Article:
report here the first attested fossil eggs of lizards from the Early
Cretaceous of Thailand, combining hard eggshells with exquisitely
preserved embryos of anguimoph (e.g. Komodo dragons, mosasaurs). These
fossils shed light on an apparently rare reproduction strategy of
squamates, demonstrate that the evolution of rigid-shelled eggs are
not an exclusive specialization of geckoes, and suggest a high
plasticity in the reproductive organs mineralizing eggshells.


Kelli C. Trujillo & Bart J. Kowallis (2015)
Recalibrated Legacy 40Ar/39Ar Ages for the Upper Jurassic Morrison
Formation, Western Interior, U.S.A.
Geology of the Intermountain West 2(1): 1-8

As a result of recent updating of decay constants and standard ages
used for 40Ar/39Ar dating, it is necessary to recalibrate legacy ages
obtained with older methods. These recalibrations bring legacy
40Ar/39Ar ages into better agreement with ages obtained using
238U/206Pb dating methods. We present nine recalibrated 40Ar/39Ar ages
for the Upper Jurassic Morrison Formation of the Western Interior,
U.S.A., along with the individual geographic and stratigraphic
locations for each sample. These recalibrated ages will be useful for
researchers looking to place better age constraints on the flora and
fauna of the Morrison Formation, as well as for those working to
understand stratigraphic relationships across the formation. The
recalibrated ages also can now be used reliably for comparisons with
newer 238U/206Pb ages obtained for the Morrison Formation.


Matt Williams, Michael J. Benton, and Andrew Ross (2015)
The Strawberry Bank Lagerstätte reveals insights into Early Jurassic life.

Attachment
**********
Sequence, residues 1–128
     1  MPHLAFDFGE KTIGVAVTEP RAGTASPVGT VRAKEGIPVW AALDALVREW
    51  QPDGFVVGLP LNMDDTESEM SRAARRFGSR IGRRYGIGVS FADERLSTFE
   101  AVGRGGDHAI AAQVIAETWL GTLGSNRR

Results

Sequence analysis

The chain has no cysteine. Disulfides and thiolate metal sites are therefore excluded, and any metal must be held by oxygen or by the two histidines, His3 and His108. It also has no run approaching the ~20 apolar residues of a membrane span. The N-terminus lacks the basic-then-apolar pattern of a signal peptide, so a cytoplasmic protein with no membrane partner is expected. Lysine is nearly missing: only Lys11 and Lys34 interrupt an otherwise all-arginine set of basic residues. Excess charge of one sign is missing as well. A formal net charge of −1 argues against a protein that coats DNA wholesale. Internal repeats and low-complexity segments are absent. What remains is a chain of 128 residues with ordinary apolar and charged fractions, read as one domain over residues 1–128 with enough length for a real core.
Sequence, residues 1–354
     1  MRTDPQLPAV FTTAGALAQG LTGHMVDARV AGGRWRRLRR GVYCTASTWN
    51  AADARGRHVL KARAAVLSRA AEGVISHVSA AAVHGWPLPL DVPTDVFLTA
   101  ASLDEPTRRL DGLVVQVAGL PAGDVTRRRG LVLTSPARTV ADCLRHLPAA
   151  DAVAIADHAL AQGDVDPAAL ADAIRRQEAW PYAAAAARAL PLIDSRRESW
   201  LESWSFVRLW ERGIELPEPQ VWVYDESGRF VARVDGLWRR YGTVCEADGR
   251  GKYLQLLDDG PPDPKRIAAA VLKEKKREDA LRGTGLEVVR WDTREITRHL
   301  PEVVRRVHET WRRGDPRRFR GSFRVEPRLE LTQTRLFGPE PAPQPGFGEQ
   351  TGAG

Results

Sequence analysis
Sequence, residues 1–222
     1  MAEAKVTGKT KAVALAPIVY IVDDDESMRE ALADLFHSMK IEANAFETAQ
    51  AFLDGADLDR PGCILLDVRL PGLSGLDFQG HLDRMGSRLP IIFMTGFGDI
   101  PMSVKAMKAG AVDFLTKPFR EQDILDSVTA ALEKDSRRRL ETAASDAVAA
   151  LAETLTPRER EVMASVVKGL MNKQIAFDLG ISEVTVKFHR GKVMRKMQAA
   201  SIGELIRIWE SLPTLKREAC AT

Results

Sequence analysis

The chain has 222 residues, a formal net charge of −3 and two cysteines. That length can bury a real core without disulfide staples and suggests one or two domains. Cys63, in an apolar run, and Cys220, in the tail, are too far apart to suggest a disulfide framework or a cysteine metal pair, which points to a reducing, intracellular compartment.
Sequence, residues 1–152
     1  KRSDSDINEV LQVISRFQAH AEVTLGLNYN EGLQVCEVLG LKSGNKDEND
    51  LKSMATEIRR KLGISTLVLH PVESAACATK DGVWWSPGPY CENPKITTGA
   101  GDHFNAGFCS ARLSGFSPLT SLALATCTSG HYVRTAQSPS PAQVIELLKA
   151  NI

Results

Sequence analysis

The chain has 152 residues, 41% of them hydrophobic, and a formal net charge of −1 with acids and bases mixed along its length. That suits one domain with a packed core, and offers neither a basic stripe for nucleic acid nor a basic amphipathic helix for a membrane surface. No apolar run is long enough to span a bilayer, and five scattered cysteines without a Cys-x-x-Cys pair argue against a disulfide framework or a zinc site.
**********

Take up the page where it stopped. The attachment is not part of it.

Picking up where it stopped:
Journal of the Geological Society (advance online publication)
doi: 10.1144/jgs2014-144

The Strawberry Bank Lagerstätte provides a rich insight into Early
Jurassic marine vertebrate life, revealing exquisite anatomical detail
of marine reptiles and large pachycormid fishes thanks to exceptional
preservation, and especially the uncrushed, 3D nature of the fossils.
The site documents a fauna of Early Jurassic nektonic marine animals
(five species of fishes, one species of marine crocodilian, two
species of ichthyosaurs, cephalopods and crustaceans), but also over
20 species of insects. Unlike other fossil sites of similar age, the
3D preservation at Strawberry Bank provides unique evidence on palatal
and braincase structures in the fishes and reptiles. The age of the
site is important, documenting a marine ecosystem during recovery from
the end-Triassic mass extinction, but also exactly coincident with the
height of the Toarcian Oceanic Anoxic Event, a further time of turmoil
in evolution.


Sam Giles, Michael I. Coates, Russell J. Garwood, Martin D. Brazeau,
Robert Atwood, Zerina Johanson and Matt Friedman (2015)
Endoskeletal structure in Cheirolepis (Osteichthyes, Actinopterygii),
An early ray-finned fish.
Palaeontology (advance online publication)
DOI: 10.1111/pala.12182

As the sister lineage of all other actinopterygians, the Middle to
Late Devonian (Eifelian–Frasnian) Cheirolepis occupies a pivotal
position in vertebrate phylogeny. Although the dermal skeleton of this
taxon has been exhaustively described, very little of its endoskeleton
is known, leaving questions of neurocranial and fin evolution in early
ray-finned fishes unresolved. The model for early actinopterygian
anatomy has instead been based largely on the Late Devonian (Frasnian)
Mimipiscis, preserved in stunning detail from the Gogo Formation of
Australia. Here, we present re-examinations of existing museum
specimens through the use of high-resolution laboratory- and
synchrotron-based computed tomography scanning, revealing new details
of the neuro-cranium, hyomandibula and pectoral fin endoskeleton for
the Eifelian Cheirolepis trailli. These new data highlight traits
considered uncharacteristic of early actinopterygians, including an
uninvested dorsal aorta and imperforate propterygium, and corroborate
the early divergence of Cheirolepis within actinopterygian phylogeny.
These traits represent conspicuous differences between the
endoskeletal structure of Cheirolepis and Mimipiscis. Additionally, we
describe new aspects of the parasphenoid, vomer and scales, most
notably that the scales display peg-and-socket articulation and a
distinct neck. Collectively, these new data help clarify primitive
conditions within ray-finned fishes, which in turn have important
implications for understanding features likely present in the last
common ancestor of living osteichthyans.